DeGlobalization: Transitory or Persistent?

It’s not news that the US current account, trade balance and trade balance ex.-oil are all moving toward zero percentage points of GDP. As I’ve observed before, time will tell how much of this movement is durable (see Bertaut, Kamin and Thomas for skeptical look; see also Cline-Williamson); this in turn depends on whether the adjustment reflects standard macro effects, including a permanent downshift in US consumption growth [0], and how much reflects perhaps transitory effects like a credit crunch in trade financing (as speculated upon here). Here’s the trade balance situation for the US.

Figure 1: Net exports to GDP (blue), net exports ex.-oil to GDP (green), and current account to GDP (green). NBER defined recession dates shaded gray; assumes current recession has not ended by 2009Q1. Source: BEA, 2009Q1 GDP preliminary release (28 May 2009), NBER, and author’s calculations.

The trade balance — the difference between exports and imports — obscures the overall trend in both inflows and outflows of goods. What’s of interest is whether the process of deglobalization, first discussed in this post from two and a half years ago (updated here), continues. At that time, oil prices seemed to be critical. Now, it seems that financial issues are at play. Here’s one de facto measure of trade openness, the sum of exports and imports normalized by GDP (as well as exports-ex. agriculture plus imports ex.-oil).

Figure 2: Sum of exports and imports divided by GDP (blue), sum of exports ex.-agricultural goods and imports ex.-oil divided by GDP (red). NBER defined recession dates shaded gray; assumes current recession has not ended by 2009Q1. Source: BEA, 2009Q1 GDP preliminary release (28 May 2009), NBER, and author’s calculations.

What’s clear is nominal trade flows drop during recessions, and tend to resume growth later in recoveries. These shares though incorporate both price and volume changes, so Figure 2 is not a clean measure of trade openness. An alternative is to use “real” measures. Figure 3 presents real trade normalized by real GDP over a shorter period.

Figure 3: Sum of real exports and real imports divided by real GDP (blue), sum of real exports ex.-agricultural goods and real imports ex.-oil divided by real GDP (red). Real series in Ch.2000$. NBER defined recession dates shaded gray; assumes current recession has not ended by 2009Q1. Source: BEA, 2009Q1 GDP preliminary release (28 May 2009), NBER, and author’s calculations.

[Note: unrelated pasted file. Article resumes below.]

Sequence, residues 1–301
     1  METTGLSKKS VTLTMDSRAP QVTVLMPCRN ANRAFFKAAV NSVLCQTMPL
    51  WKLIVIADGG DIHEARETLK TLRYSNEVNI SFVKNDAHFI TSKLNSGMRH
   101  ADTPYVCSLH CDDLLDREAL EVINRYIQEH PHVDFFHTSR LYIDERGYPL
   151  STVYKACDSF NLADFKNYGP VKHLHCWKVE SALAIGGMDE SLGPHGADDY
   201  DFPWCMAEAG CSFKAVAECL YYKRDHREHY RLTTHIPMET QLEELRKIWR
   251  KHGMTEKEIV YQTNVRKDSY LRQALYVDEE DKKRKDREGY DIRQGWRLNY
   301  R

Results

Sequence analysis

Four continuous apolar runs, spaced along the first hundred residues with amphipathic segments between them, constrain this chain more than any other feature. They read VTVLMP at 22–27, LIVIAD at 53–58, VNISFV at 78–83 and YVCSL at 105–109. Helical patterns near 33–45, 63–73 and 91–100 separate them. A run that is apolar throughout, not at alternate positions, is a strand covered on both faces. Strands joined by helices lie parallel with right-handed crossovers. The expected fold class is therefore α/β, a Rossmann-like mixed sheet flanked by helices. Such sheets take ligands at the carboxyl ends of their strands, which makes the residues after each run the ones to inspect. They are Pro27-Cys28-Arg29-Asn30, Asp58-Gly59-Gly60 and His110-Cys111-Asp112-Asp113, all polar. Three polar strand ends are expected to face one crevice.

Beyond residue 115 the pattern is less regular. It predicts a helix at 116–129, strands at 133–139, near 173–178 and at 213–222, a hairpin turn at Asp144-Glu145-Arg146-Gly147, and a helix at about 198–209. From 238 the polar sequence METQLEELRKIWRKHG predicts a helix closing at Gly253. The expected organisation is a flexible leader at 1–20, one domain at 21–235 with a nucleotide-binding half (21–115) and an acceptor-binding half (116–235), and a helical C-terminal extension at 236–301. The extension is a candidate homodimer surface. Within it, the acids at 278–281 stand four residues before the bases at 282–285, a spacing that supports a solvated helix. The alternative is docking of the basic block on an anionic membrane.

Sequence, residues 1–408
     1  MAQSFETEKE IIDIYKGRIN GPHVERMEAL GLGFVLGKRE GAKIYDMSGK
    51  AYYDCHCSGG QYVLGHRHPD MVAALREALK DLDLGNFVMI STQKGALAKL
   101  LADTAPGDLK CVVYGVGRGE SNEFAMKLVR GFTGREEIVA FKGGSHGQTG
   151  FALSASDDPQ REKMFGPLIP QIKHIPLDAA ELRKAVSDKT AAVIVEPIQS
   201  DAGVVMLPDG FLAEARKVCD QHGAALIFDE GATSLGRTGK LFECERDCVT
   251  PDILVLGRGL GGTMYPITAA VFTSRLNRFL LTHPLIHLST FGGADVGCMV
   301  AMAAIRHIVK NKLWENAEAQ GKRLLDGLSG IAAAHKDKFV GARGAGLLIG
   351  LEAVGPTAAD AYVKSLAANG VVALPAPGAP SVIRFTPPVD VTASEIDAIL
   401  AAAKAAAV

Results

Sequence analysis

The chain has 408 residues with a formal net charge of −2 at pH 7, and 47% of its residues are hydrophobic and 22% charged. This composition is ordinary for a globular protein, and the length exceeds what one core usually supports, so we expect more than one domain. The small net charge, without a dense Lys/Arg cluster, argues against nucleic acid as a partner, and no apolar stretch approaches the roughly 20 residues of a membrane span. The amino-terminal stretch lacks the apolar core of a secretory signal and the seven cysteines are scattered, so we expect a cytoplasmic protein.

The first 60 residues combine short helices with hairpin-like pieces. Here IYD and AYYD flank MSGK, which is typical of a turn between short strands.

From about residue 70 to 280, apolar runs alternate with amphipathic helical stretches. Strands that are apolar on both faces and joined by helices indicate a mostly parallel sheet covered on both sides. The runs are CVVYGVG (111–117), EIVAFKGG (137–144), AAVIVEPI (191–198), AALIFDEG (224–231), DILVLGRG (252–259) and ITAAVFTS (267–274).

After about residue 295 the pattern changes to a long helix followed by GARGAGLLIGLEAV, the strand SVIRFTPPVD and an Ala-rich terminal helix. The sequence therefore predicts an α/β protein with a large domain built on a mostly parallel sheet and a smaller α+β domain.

I will observe that it is not quite kosher to add and divide Chain weighed series. However, a similar pattern is observed if one uses geometric averages instead of arithmetic averages [1].

Using real values tends to shave off the top of the peak ratios in 2008, but the basic fact remains that trade openness has dropped off precipitously.

So, the critical questions for determining future directions in trade openness include:

  • Will the supply of trade financing become normalized?
  • Will oil prices trend upwards again? And will this cost induce increases in shipping costs, even as oversupply of shipping services tend to depress them?
  • Will US consumption continue to stagnate? (See this brief article by Glick and Lansing).
  • Will protectionist measures (such as Buy American provisions) be expanded?

DeGlobalization: Transitory or Persistent?

About Menzie Chinn 83 Articles

Affiliation: University of Wisconsin

Menzie Chinn is Professor of Public Affairs and Economics at the University of Wisconsin, Madison.

Visit: Econbrowser

Be the first to comment

Leave a Reply

Your email address will not be published.


*